If you haven’t already, Ben Wallace’s profile of Kara Swisher is very good reading. To me, this was the most interesting passage:

Just how hostile should the technology press be? This question, which Swisher has circled for most of her career, came into sharp focus at SXSW, where she was on a panel addressing the responsibilities of tech media in the surveillance era and titled “Why Didn’t a Tech Journalist Break PRISM?” A co-panelist from the Guardian and the moderator both wore tiny plastic life-logging cameras around their necks that snap 120 images per hour. So, the moderator asked, why didn’t you? “We’re terrible,” Swisher said, to laughter, though “we did tell you about the Lyft funding today.”

Self-flagellation was a recurring theme, even though it would be silly to expect the national-security story of the decade to break in a California business publication. Swisher and fellow panelist Alexia Tsotsis, the co-editor of TechCrunch, spoke of the non-investigative nature of the bulk of their coverage—fundings, job changes, new product features. Tsotsis was especially abject, suggesting that even if she’d received the Edward Snowden documents, she probably “would have succumbed to the pressure of the Obama administration now”; TechCrunch “is just a cheerleader,” she said, and “a lot of tech media is sort of in the pockets of the people we cover … We’re inviting them to our parties. We might be dating some of them. We are right in the middle, in the thick, of the tech industry.” (Tsotsis dates a partner at General Catalyst, a venture-capital firm.) She noted that TechCrunch was entrepreneur-friendly from its inception and said she stays up nights worrying about sources getting fired: “There’s a part of me that’s like: No, don’t leak this to us!

“I never say that,” Swisher said.

“That’s why you’re better than us,” Tsotsis said sweetly.

Spencer Ackerman, a writer with the Guardian, stood up and said: “It sounds like you’ve just gotten used to not having an oppositional journalistic culture.”

“I don’t think we’re completely non-oppositional,” Swisher said. “I don’t think you can look at my history and say they love me to death in Silicon Valley.”

“A smart young person in the Valley thinks being a reporter is basically being a PR person,” says one tech journalist. “Like, We have news to share, we’d like to come and tell you about it.” Reporters who write favorably about companies receive invitations to things; critics don’t. “They’re very thin-skinned,” says another reporter. “On Wall Street, if you call them a douchebag, they’ve already heard 17 worse things in the last hour. Here, if you criticize a company, you’re criticizing the spirit of innovation.”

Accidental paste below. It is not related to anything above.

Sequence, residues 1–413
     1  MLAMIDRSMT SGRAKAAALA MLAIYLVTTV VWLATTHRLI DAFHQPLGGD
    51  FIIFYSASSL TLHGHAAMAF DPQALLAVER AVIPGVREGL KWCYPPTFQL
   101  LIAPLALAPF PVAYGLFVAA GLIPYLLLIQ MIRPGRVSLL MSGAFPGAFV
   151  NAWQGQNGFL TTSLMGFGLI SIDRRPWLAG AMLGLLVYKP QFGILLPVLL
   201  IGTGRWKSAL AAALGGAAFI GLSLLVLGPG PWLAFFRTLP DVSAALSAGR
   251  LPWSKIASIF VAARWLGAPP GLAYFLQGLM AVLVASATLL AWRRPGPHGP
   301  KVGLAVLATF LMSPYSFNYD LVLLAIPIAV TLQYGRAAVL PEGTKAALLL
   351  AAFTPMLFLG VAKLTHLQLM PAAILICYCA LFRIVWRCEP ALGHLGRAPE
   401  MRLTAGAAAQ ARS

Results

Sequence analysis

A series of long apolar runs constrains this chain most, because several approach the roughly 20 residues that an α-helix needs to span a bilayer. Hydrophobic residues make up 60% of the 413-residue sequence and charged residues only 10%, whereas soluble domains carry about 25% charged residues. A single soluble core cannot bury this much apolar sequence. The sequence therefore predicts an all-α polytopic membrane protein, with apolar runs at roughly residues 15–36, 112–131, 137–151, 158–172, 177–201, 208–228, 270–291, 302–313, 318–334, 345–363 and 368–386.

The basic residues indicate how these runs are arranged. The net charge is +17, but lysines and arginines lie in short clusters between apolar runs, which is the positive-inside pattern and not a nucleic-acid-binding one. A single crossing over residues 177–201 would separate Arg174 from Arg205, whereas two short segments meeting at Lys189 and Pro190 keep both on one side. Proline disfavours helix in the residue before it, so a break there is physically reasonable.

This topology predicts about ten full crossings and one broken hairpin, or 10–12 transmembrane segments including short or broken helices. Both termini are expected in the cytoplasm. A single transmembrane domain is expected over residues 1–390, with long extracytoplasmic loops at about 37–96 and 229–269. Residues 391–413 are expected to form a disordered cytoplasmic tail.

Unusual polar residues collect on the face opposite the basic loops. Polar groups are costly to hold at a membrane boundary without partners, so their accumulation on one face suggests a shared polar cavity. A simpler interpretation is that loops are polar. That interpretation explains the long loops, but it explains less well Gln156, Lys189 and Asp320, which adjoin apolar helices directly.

I quoted at length because I think it really digs to the heart of what’s wrong with with “tech” journalism – which is to say, it’s pro-tech. That matters because “tech” is something much more specific than the “A” in the Cobb-Douglas function. Tech is a network of very specific institutions, values, cultures, geographies, and peoples, that construct a relatively narrow and very linear narrative of the world. It is a narrative where progress, also called innovation, is defined almost axiomatically by markets and is inherently and inviolably good, and those persons, places, and institutions that perpetuate that progress are on The Side of Good, and all else is on The Side of Bad. If something new is popular or profitable, it must be a Good Thing, and the people and companies responsible for it are Innovators. Those who are skeptical of or, for whatever reason, impede the Innovation – often some blend of regulators, entrenched interests, and luddites – are anti-Innovation and must be disrupted.

The thing about Tech Journalism is that, in general, it is not just credulous of or invested in this narrative but unaware that other narratives can even exist. It views itself as an invaluable participant in that narrative, doing journalisty things as part of the collective effort to further innovation. That’s where the miscommunication between Ackerman and Swisher comes in. A true ‘oppositional journalistic culture’ isn’t just one where CEOs and VCs are snippy towards the top gossip; its one where journalism is and can be fundamentally skeptical of their subject’s mission, values, and methods. Snowden would never have gone to tech journalists for the same reason that he went to highly-reputed but notably skeptical and independent investigative journalists – tech journalism wouldn’t know what to even do about Snowden, and to a great extent they still don’t. The idea that Google, Facebook, Apple, and all these other firms could be bad, just don’t compute.

This is not to say how much of the Tech narrative I buy into or dispute – I’m on the record as an Airbnb booster, among other things, and in general I think technological progress has redounded to the net benefit of humanity – but that there’s room for complexity and ambiguity in every story, triumph and tragic, and that even progress has costs. When tech journalism can internalize that, then it’ll be, you know, journalism.